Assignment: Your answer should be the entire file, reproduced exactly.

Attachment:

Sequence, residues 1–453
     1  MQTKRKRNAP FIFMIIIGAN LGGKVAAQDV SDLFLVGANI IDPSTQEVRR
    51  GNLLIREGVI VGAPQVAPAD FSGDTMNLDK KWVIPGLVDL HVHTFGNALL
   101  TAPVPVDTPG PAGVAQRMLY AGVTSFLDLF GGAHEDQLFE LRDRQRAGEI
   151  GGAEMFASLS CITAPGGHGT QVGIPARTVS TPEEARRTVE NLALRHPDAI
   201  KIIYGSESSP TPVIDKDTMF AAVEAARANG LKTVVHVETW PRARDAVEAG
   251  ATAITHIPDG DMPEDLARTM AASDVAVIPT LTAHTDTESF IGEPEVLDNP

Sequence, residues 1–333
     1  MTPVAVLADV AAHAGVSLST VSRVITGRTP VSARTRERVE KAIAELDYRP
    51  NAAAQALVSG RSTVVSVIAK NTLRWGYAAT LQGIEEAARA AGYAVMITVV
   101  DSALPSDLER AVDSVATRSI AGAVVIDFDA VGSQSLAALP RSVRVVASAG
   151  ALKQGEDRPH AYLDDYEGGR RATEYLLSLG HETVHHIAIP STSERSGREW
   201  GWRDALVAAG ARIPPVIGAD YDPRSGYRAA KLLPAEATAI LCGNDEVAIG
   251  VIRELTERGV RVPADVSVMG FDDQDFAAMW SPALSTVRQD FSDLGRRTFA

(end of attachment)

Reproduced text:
Sequence, residues 1–453
     1  MQTKRKRNAP FIFMIIIGAN LGGKVAAQDV SDLFLVGANI IDPSTQEVRR
    51  GNLLIREGVI VGAPQVAPAD FSGDTMNLDK KWVIPGLVDL HVHTFGNALL
   101  TAPVPVDTPG PAGVAQRMLY AGVTSFLDLF GGAHEDQLFE LRDRQRAGEI
   151  GGAEMFASLS CITAPGGHGT QVGIPARTVS TPEEARRTVE NLALRHPDAI
   201  KIIYGSESSP TPVIDKDTMF AAVEAARANG LKTVVHVETW PRARDAVEAG
   251  ATAITHIPDG DMPEDLARTM AASDVAVIPT LTAHTDTESF IGEPEVLDNP

Sequence, residues 1–333
     1  MTPVAVLADV AAHAGVSLST VSRVITGRTP VSARTRERVE KAIAELDYRP
    51  NAAAQALVSG RSTVVSVIAK NTLRWGYAAT LQGIEEAARA AGYAVMITVV
   101  DSALPSDLER AVDSVATRSI AGAVVIDFDA VGSQSLAALP RSVRVVASAG
   151  ALKQGEDRPH AYLDDYEGGR RATEYLLSLG HETVHHIAIP STSERSGREW
   201  GWRDALVAAG ARIPPVIGAD YDPRSGYRAA KLLPAEATAI LCGNDEVAIG
   251  VIRELTERGV RVPADVSVMG FDDQDFAAMW SPALSTVRQD FSDLGRRTFA